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A Short Analysis of William Wordsworth’s ‘Strange fits of passion have I known’

‘Strange fits of passion have I known’ belongs to a small suite of poems Wordsworth wrote about ‘Lucy’, a girl or young woman (her precise age is difficult to determine); along with ‘A slumber did my spirit seal’ (which does not mention Lucy by name) and ‘She dwelt among the untrodden ways’, ‘Strange fits of passion’ appeared in the 1800 edition of Lyrical Ballads, the volume Wordsworth co-wrote with Samuel Taylor Coleridge.

Strange fits of passion I have known:
And I will dare to tell,
But in the Lover’s ear alone,
What once to me befel.

When she I loved was strong and gay,
And like a rose in June,
I to her cottage bent my way,
Beneath the evening Moon.

Upon the Moon I fixed my eye,
All over the wide lea:
My Horse trudged on—and we drew nigh
Those paths so dear to me. Read the rest of this entry

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‘Tintern Abbey’: A Poem by William Wordsworth

‘Tintern Abbey’ by William Wordsworth, or to give it its fuller title, ‘Lines Composed a Few Miles above Tintern Abbey’, or to give it its absolutely full title, ‘Lines Composed a Few Miles above Tintern Abbey, On Revisiting the Banks of the Wye during a Tour. July 13, 1798’, is one of Wordsworth’s finest and most celebrated poetic achievements. So ‘Tintern Abbey’ seems like a good poem to select for our new ‘post a poem a day’ feature, which will see us sharing one of our favourite poems every day.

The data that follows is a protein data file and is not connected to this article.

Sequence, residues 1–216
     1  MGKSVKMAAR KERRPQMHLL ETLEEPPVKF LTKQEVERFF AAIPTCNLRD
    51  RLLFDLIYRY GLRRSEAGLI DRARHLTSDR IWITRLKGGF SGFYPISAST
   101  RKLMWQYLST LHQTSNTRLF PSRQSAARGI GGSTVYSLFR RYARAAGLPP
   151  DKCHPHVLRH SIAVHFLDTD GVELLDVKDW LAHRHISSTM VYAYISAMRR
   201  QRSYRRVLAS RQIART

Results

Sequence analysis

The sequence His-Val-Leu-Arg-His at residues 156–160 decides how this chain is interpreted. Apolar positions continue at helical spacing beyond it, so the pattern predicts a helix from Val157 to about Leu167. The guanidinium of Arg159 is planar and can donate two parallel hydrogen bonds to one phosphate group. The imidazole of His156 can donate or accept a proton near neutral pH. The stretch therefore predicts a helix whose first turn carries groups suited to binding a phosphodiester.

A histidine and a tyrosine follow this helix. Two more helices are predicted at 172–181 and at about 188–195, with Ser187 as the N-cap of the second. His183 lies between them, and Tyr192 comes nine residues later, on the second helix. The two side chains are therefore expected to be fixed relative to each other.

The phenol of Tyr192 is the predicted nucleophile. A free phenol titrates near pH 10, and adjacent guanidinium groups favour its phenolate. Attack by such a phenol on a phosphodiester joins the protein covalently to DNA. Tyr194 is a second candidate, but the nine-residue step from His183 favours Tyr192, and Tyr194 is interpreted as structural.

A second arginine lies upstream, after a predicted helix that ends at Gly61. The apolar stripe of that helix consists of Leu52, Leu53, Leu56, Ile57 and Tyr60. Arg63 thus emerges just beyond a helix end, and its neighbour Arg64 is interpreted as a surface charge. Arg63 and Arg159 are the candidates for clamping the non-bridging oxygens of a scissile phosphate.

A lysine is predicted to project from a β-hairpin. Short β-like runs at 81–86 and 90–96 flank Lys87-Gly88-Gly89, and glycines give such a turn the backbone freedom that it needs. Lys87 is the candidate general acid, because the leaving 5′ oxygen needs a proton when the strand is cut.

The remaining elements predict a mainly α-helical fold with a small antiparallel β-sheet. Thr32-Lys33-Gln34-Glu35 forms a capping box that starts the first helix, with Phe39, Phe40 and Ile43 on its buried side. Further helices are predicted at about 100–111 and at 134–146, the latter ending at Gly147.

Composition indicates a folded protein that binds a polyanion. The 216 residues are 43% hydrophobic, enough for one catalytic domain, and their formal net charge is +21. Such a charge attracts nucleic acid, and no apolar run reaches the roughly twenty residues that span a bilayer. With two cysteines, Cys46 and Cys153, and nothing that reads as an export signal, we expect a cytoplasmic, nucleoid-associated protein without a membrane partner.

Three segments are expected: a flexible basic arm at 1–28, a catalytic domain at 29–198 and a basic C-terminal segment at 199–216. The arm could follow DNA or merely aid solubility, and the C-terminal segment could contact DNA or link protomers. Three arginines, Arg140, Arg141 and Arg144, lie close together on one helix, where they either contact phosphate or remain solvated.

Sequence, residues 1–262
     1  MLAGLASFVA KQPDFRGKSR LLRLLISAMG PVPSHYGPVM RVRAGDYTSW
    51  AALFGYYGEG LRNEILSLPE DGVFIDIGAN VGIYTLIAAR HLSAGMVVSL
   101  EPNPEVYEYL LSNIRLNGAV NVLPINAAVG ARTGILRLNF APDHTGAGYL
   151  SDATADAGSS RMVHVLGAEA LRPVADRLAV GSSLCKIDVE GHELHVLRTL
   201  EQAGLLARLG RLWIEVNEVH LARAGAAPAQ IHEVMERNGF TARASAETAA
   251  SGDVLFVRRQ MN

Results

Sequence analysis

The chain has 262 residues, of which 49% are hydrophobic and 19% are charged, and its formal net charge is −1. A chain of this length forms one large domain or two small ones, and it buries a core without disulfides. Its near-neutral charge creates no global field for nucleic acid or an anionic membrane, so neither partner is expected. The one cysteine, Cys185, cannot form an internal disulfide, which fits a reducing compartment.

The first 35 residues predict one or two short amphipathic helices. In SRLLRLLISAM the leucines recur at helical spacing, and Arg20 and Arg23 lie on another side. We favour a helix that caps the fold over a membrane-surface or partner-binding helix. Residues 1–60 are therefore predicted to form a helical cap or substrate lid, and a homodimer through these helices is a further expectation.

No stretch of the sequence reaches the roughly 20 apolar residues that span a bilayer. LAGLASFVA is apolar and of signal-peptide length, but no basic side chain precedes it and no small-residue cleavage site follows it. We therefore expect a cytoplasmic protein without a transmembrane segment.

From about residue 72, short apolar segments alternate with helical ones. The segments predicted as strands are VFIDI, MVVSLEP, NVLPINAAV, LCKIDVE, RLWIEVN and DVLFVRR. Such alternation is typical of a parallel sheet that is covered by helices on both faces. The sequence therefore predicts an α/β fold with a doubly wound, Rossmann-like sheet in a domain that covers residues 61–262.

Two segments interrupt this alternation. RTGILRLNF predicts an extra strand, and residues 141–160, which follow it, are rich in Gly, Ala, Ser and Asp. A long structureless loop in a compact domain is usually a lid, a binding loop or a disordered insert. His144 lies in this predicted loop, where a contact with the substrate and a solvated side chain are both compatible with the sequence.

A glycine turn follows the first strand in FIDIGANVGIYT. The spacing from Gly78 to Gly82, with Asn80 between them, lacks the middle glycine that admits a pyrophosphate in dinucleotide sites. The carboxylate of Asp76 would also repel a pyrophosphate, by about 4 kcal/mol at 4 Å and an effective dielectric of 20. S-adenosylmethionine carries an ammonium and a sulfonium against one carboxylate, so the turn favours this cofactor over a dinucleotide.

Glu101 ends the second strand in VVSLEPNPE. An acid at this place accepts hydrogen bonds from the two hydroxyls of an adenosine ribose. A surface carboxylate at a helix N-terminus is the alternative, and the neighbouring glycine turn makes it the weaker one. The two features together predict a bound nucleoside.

‘Tintern Abbey’ by William Wordsworth

Five years have past; five summers, with the length
Of five long winters! and again I hear
These waters, rolling from their mountain-springs
With a soft inland murmur.—Once again
Do I behold these steep and lofty cliffs,
That on a wild secluded scene impress
Thoughts of more deep seclusion; and connect
The landscape with the quiet of the sky. Read the rest of this entry

A Short Analysis of William Wordsworth’s ‘The stars are mansions built by Nature’s hand’

‘The stars are mansions built by Nature’s hand’ is not one of the most famous poems by William Wordsworth (1770-1850), nor even one of his more famous sonnets. But it’s a fine poem about the stars, which manages to touch upon the natural world (as we’d expect from a poem by a leading Romantic poet) as well as the divine.

The stars are mansions built by Nature’s hand,
And, haply, there the spirits of the blest
Dwell, clothed in radiance, their immortal vest;
Huge Ocean shows, within his yellow strand,
A habitation marvellously planned,
For life to occupy in love and rest;
All that we see – is dome, or vault, or nest,
Or fortress, reared at Nature’s sage command. Read the rest of this entry